UA Campus Water Resources/Water Use at the Univ of Arizona
Mark Marikos, Staff Technician - Utilities Management and Services, UA Facilities Mgmt
Jaclyn Mendenhall, Senior, Department of Hydrology and Water Resources and former Research Intern for the Office of Sustainability
Introduction by: Joe Abraham, Director, UA Office of Sustainability
Water Use at the University of Arizona – Sources, Uses, Costs, Challenges and Opportunities
Despite considerable campus growth, total annual water use has remained relatively flat. A number of diverse water conservation measures, including elimination of once-through cooling, waterless urinals, xeriscape, and chilled water system optimization have allowed the campus to grow without a corresponding increase in total water use. Reclaimed water is used for most irrigation, and was tried in the refrigeration plant cooling towers for several years. The presentation will look at the sources, costs and uses of water on campus, past initiatives to conserve water, challenges and opportunities.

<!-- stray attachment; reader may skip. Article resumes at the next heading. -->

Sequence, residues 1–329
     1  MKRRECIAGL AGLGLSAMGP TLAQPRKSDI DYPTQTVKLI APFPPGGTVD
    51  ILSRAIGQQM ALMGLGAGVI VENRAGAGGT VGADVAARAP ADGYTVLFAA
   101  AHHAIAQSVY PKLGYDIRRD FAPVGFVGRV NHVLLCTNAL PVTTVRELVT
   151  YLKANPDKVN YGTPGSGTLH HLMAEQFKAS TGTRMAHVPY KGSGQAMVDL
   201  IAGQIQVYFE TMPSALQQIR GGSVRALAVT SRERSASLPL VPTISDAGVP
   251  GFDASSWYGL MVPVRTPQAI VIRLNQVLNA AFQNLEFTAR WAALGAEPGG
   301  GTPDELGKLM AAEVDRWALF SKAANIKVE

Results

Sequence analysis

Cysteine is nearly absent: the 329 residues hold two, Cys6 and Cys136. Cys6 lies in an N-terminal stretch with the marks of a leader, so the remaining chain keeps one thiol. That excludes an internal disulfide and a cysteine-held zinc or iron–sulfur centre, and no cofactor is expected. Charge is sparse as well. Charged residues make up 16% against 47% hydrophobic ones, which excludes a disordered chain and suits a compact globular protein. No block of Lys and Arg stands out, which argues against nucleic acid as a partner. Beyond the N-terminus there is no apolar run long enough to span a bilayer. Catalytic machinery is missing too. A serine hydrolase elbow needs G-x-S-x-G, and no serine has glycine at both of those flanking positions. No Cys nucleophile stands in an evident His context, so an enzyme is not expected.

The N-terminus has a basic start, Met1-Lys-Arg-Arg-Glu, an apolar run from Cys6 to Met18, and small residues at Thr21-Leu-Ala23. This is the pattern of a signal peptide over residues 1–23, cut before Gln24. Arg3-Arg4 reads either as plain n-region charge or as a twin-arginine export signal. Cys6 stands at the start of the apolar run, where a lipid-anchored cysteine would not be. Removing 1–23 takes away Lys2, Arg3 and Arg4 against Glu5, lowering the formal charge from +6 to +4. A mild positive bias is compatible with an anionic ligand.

Located in the center of the Tucson metropolitan area, the University of Arizona obtains its water from a system of on-site wells and a municipal water system that includes significant amounts of water transported over 300 miles and 2,000 feet in elevation from the Colorado River to Tucson. The authors determined the sources of energy required to pump, transport, and treat metered water in an effort to include water consumption in the University's greenhouse gas emission inventory. Results indicate that while water consumption is a relatively minor source of greenhouse emissions compared to other sources at the UA, emissions associated with water use at the UA have increased significantly over the past ten years despite relatively stable demand. The talk presents a general methodology for including water consumption in a greenhouse gas inventory of a large organization, and discusses issues not only unique to southern Arizona but generally applicable to the arid western U.S. and many other regions of the world.